OKLAHOMA CITY (CBSDFW.COM/CNN) — A strict new abortion law in Texas is having an impact in bordering states, including at a women’s clinic in Oklahoma where workers say they’re seeing a significant increase in out-of-state patients seeking abortions.
“We’ve been preparing for this for a while as best that we can,” explained Rebecca Tong, co-executive director of Trust Women Clinic.READ MORE: Woman Hit, Killed By Car While Walking In Grapevine Roadway; Drunk Driver Crashes Into Firetruck On Scene Say Police
In the few days before the Texas abortion law went into effect, the Trust Women Clinic said they were scheduling nearly five times their normal number of patients.
Clinic officials say they saw 11 patients from Texas in August. So far in September there have been at least 110.READ MORE: Report: At Least 59,000 Meat Workers Caught COVID, 269 Died
“If it was an ideal situation, I would say we could open the clinic 24 hours a day, 7 days a week and see as many people as we could. That’s not physically possible,” Tong said.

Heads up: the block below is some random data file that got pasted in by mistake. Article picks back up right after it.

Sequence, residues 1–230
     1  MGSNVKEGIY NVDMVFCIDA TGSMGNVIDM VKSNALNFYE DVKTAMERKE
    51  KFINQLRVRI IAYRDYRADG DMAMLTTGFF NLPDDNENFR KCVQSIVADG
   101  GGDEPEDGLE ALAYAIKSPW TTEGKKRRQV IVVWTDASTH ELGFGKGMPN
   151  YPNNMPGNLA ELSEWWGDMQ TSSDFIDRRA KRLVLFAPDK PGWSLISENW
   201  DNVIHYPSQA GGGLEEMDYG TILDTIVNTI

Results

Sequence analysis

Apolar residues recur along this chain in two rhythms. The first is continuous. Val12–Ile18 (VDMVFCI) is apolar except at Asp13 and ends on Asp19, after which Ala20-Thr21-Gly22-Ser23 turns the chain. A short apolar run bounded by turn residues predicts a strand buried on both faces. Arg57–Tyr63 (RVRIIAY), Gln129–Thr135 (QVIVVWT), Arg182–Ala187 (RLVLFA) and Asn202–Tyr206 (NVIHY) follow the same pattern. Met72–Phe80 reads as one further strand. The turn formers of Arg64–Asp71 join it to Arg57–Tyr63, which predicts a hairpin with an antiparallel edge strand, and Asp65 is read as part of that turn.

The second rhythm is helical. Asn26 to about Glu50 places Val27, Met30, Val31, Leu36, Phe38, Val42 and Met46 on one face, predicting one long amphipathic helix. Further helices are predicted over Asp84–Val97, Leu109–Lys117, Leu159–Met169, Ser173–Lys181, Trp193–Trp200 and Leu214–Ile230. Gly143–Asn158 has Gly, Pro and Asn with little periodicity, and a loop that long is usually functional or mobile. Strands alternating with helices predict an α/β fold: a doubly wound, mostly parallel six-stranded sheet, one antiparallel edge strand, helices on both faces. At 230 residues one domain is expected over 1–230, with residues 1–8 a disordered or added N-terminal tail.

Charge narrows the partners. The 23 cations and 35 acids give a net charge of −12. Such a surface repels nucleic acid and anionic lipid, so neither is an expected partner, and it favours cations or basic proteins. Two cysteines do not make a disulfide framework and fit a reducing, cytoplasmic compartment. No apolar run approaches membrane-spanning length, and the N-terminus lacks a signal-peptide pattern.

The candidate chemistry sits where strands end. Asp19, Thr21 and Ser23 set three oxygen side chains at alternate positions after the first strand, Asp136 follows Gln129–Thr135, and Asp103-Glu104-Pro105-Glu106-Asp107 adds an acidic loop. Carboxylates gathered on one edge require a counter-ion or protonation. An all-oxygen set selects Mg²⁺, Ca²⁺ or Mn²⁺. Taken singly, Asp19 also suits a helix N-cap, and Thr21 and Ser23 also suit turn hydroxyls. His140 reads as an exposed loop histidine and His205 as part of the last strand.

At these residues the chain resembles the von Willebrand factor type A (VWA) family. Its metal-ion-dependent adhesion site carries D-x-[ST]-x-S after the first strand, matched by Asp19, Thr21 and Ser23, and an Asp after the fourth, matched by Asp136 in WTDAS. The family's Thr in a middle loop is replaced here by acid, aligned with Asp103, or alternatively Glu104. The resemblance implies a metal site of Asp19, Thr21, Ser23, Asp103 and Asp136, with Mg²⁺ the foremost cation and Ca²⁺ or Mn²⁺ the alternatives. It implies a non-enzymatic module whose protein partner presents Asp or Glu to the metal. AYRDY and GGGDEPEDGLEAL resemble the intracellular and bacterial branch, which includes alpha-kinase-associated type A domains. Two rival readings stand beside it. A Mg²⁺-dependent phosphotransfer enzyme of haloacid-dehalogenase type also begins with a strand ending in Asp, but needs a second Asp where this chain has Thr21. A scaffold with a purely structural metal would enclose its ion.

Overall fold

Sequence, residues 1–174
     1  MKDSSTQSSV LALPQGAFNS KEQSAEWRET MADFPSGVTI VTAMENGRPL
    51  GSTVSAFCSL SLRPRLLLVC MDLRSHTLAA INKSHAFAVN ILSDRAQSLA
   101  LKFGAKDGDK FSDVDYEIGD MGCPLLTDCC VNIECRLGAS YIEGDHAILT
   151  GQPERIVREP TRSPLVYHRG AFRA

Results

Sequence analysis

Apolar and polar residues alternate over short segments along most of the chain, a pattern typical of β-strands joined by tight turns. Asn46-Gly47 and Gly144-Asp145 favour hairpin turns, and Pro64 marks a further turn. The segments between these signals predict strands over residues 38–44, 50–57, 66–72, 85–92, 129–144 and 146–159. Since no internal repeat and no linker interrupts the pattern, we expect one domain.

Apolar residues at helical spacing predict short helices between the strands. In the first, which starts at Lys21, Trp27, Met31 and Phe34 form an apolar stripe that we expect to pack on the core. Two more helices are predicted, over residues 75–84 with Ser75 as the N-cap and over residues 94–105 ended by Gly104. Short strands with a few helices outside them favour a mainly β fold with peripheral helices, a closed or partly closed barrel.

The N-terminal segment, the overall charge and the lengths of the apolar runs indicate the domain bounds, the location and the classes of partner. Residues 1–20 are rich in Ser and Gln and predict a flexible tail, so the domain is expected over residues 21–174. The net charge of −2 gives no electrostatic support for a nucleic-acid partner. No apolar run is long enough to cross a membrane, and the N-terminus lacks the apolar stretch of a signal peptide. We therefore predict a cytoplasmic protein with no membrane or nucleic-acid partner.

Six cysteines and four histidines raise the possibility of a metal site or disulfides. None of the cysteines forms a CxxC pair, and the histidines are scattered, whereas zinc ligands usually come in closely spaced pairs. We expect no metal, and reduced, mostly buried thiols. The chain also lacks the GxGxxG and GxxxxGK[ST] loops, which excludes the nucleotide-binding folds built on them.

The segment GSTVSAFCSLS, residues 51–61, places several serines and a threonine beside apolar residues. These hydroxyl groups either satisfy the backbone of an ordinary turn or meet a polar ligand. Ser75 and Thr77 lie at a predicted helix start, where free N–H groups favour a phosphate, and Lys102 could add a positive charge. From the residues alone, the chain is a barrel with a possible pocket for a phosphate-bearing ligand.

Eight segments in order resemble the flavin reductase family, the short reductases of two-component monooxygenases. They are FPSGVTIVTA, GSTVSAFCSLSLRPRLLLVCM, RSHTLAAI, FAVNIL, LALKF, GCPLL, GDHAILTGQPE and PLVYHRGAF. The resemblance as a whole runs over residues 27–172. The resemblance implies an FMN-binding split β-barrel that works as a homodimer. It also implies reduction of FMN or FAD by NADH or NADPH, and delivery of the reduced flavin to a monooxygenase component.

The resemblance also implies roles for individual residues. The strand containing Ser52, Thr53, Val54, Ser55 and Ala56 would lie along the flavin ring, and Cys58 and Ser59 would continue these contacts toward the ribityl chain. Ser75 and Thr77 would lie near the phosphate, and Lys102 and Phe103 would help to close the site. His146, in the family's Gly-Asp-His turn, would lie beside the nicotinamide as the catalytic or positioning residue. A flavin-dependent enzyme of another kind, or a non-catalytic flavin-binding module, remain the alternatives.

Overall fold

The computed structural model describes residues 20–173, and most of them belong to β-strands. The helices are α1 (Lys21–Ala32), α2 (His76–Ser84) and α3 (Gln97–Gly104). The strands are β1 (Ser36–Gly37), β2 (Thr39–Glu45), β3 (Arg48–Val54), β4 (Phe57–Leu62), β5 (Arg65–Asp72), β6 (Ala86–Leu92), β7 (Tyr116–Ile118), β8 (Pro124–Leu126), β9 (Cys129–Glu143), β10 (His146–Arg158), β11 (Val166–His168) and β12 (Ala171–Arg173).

The clinic has decided to cap appointments to keep its patient load at a manageable level. Tong said, “It’s not something that we do lightly and we know what it means for people to be turned away from this service and it changes the direction and course of their life.”
The law in Texas says doctors can’t perform an abortion once a fetal heartbeat is detected, which typically happens about six-weeks after conception. That is often before many women even know they’re pregnant.MORE NEWS: Desperate To Find More Staff, Some Fast Food Restaurants Recruiting Customers
The Texas law also has no exceptions for rape and incest.